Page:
Your Voice

“Don’t copy other singers.”

This has been preached and espoused and preached some more, as if it were an absolute and immutable truth.  Is it?
Only with a caveat. 
The problem with “Don’t copy other singers” is it is non-specific as to what, of a thousand or more aspects of a voice.   Unless you are an actor or a voice actor or a comedian, it might not be the best idea to imitate, as closely as possible, another’s voice.  The main reason for this is that you might do something that causes you to strain your voice.  
The closest identical voices would be found in identical twins, maybe.  They may have the same vocal folds, pharynx, nasal cavity and other similar or identical physical vocal and resonating apparatus.  To copy another singer, you would have to manipulate your mouth and tongue and vocal folds to try to duplicate or approximate another’s sound.  I can do some voices and started this in the 5th grade of elementary school, discovering I was quite good at it.  
I don’t do it as a regular thing, but it is fun to try.  I personally never strained my voice doing this because I do have an aversion to pain and to hoarseness.  I just cannot recommend doing this, yourself.  I can recommend something else.  I got this from the late great Clark Terry, a jazz trumpet player and singer.  It’s a process and it works quite well.   Here we go:

 

3 Steps To Find Your Own Voice

Step 1. EMULATE

What could or should be “copied” are other things than the exact and precise sound of another person’s voice.  You can greatly shorten the time of the learning curve by copying some very specific things in a voice of a singer, as long as your usable range matches that of the singer (or can be done an octave away, comfortably).  Some things you can emulate are:
·         Phrasing
·         Style
·         Pitch
·         Note duration
·         Dynamic variation
·         Rhythm
·         Timing
·         Breathing

 

That is a lot, isn’t it?  What you might gain from doing this with recordings of singers is some of the qualities of professional singers.  If your ability to duplicate and to analyze objectively is strong, you can speed up your progress.  You do not want to become a “copycat”, unless you are doing and act or making a living at being an impressionist or impersonator.  
There are people who make a good living doing this, such as impersonators of: Sinatra, Cher, Elvis, or others.  I know some who do this in Las Vegas, they enjoy it and are paid well for it.  I can do few singing voices, also, but usually as a joke or to have fun.

Step 2. ASSIMILATE

What if you can and do take advantage of being able to emulate other singers’ professional aspects?  Does it end there?  No.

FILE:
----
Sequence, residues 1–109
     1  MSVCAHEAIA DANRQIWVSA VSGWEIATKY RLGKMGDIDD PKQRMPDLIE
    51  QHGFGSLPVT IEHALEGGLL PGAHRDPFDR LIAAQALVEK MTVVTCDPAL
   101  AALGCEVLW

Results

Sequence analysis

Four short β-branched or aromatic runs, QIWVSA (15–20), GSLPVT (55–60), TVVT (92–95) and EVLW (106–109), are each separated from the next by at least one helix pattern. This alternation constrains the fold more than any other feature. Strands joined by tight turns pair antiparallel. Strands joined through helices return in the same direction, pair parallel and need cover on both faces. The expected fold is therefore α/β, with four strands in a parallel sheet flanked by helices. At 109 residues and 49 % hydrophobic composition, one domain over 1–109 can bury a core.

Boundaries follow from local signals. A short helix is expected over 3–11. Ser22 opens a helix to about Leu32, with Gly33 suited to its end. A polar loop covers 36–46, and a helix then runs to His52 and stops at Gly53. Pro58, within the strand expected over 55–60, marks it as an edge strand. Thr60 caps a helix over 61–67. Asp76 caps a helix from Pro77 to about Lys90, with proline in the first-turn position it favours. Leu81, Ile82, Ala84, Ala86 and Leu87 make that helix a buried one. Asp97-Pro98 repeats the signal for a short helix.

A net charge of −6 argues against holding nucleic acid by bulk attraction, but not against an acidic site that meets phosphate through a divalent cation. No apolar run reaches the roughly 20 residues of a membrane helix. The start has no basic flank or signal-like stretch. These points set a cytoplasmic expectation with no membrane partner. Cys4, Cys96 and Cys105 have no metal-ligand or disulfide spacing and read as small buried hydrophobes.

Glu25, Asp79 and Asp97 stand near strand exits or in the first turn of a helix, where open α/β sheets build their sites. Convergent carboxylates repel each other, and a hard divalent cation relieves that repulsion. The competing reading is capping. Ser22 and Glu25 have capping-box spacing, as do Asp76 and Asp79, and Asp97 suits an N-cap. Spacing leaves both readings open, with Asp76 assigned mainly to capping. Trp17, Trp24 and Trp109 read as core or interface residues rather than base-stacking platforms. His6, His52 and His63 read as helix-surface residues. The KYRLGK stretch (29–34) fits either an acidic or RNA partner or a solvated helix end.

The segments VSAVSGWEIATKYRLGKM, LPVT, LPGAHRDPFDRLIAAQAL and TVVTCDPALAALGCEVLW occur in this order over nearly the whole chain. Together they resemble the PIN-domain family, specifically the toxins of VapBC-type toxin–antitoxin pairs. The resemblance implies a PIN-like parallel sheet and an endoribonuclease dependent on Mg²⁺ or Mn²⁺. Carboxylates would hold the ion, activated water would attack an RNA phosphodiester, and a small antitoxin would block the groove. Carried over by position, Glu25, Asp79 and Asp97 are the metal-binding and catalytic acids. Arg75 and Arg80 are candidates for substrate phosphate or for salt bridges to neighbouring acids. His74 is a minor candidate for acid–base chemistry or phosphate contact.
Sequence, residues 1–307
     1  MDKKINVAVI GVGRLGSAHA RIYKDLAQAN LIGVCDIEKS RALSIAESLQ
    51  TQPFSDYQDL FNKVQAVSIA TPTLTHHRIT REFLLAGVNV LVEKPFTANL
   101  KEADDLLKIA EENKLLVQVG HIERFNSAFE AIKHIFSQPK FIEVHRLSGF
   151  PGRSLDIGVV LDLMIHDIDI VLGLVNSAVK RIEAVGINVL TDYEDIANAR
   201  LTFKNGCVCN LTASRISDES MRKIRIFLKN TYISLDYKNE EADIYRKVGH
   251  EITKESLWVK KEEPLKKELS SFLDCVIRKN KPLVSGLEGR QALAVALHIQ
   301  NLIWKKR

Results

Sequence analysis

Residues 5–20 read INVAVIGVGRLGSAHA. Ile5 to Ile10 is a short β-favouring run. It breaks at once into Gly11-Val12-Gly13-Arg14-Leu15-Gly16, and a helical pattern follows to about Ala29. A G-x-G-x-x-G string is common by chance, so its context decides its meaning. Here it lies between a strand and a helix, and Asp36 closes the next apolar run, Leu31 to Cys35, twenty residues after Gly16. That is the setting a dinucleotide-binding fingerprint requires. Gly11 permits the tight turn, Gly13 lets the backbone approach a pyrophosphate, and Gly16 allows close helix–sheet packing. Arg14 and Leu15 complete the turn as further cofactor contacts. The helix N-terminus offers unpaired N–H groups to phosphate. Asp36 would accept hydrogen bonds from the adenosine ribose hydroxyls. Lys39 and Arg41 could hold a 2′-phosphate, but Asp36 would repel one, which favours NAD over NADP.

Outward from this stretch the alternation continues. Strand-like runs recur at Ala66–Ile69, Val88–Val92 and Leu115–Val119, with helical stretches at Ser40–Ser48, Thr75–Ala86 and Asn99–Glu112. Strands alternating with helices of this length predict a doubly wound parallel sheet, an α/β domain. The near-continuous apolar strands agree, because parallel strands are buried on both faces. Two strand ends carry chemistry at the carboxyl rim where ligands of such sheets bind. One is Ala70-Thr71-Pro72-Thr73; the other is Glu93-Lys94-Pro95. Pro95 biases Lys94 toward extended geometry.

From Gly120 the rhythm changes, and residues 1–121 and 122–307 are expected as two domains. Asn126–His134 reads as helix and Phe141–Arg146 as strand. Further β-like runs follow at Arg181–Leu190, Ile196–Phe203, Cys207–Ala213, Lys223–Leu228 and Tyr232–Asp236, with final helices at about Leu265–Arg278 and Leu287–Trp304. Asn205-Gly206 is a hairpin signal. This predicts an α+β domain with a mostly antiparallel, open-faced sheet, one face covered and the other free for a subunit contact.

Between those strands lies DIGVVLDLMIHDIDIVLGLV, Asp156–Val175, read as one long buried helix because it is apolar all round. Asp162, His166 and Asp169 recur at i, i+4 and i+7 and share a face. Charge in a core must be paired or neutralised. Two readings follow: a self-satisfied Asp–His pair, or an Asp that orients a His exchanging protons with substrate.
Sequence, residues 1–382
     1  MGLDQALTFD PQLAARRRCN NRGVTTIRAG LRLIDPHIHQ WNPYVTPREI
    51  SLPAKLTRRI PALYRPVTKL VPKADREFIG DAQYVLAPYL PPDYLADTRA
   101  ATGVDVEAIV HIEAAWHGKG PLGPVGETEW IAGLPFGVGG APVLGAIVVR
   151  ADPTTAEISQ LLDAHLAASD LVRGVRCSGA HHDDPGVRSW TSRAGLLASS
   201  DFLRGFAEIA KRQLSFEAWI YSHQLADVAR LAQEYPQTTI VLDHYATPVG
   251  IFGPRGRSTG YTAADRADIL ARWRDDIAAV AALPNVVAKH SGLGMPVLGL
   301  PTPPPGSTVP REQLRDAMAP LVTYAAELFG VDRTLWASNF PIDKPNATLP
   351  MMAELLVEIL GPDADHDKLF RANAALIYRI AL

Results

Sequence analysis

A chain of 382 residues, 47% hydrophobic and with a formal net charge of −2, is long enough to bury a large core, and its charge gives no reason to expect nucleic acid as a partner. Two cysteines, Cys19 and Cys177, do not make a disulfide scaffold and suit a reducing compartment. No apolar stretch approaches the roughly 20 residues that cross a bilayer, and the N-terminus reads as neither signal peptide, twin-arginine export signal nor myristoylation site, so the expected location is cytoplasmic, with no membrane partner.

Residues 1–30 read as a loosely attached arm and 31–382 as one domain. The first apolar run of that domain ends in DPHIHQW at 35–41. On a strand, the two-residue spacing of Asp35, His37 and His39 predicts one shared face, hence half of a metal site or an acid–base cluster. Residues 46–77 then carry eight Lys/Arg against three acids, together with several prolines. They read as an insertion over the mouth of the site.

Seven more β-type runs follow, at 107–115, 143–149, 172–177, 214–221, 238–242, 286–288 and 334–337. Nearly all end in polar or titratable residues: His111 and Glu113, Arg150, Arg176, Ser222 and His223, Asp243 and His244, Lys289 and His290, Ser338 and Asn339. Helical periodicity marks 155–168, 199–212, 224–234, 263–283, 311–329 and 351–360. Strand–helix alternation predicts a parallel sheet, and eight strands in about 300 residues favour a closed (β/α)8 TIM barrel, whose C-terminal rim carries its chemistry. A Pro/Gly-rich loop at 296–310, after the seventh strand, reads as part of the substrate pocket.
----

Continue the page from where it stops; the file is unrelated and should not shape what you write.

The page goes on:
Some people vehemently are so against being a unique individual that they completely miss the skill involved in professional singing.  They do sound unique.  
They are individuals but to the extent that they sound horrible and no one wants to hear them sing.  I know of some graduates of universities who try to sing with an operatic sound and it is more abrasive than a cat fight, to listen to.  It is amazing that a person can have a degree in music IN VOICE and sound disgusting or insane or horrible or sing out of tune but it can and does happen.  
The step after emulate is to assimilate.  Own it.  Own it as if it was yours from the beginning, but it doesn’t end there!

Step 3. INNOVATE

The final step in the journey of being a great singer is to innovate.  
What new thing or things can you do?  You don’t want to change every single note or the melody gets lost.  
The exception is if you’re improvising jazz.  
You may not need or want to change a lot but there are things you can experiment with.  You can change some notes, you can add some notes, you can omit some notes, you can change the timing, the phrasing, the dynamics, the rhythm, you can add silence, you can speed up or slow down time and/or try many other things.  
You can change the emotion or emotions of a song.  This is a huge range of possibility.  From your emulating step, you may have picked up on stylistic tendencies which are typical or standard.  It is even better to emulate a few or many singers and to learn even more in so doing.  
You’ll discover some parameters of what audiences can find beautiful or acceptable or tolerable or offensive or disgusting or unacceptable or intolerable.  You don’t want an audience walking out on you.  It can happen even to the best.  Between songs, a man was walking, leaving one of Sinatra’s performances.  Frank said, “Five will get you ten he doesn’t make it to the bathroom in time.”  Frank could get away with saying that and it is funny but it isn’t funny to a performer when a person walks out.
Objectivity is an ability that every singer must have in order to analyze and to improve.  You must hear yourself (use a recording) to know if you are doing what you intend to do and without being hypercritical.   
I tell people to be analytical, not critical.  There is a difference! Too big or too small of an ego can also be a problem.  If you think you’re great but you’re not, that is a problem.   If you think you are terrible but you’re not, that’s also a problem.  If you can be objective, you’ll know where you really stand.  If you cannot be objective, yet, get with someone who is a kind but honest professional and ask for help.  Some will charge for this and it may be well worth the money spent.

You May Need A Guide

It’s a bit of a jungle to get through and you may need a guide to make it through.  Some vocal coaches teach nothing about style, only technique.   I work with all aspects of singing, including style.  I don’t tell you how, I show you the way to find yourself.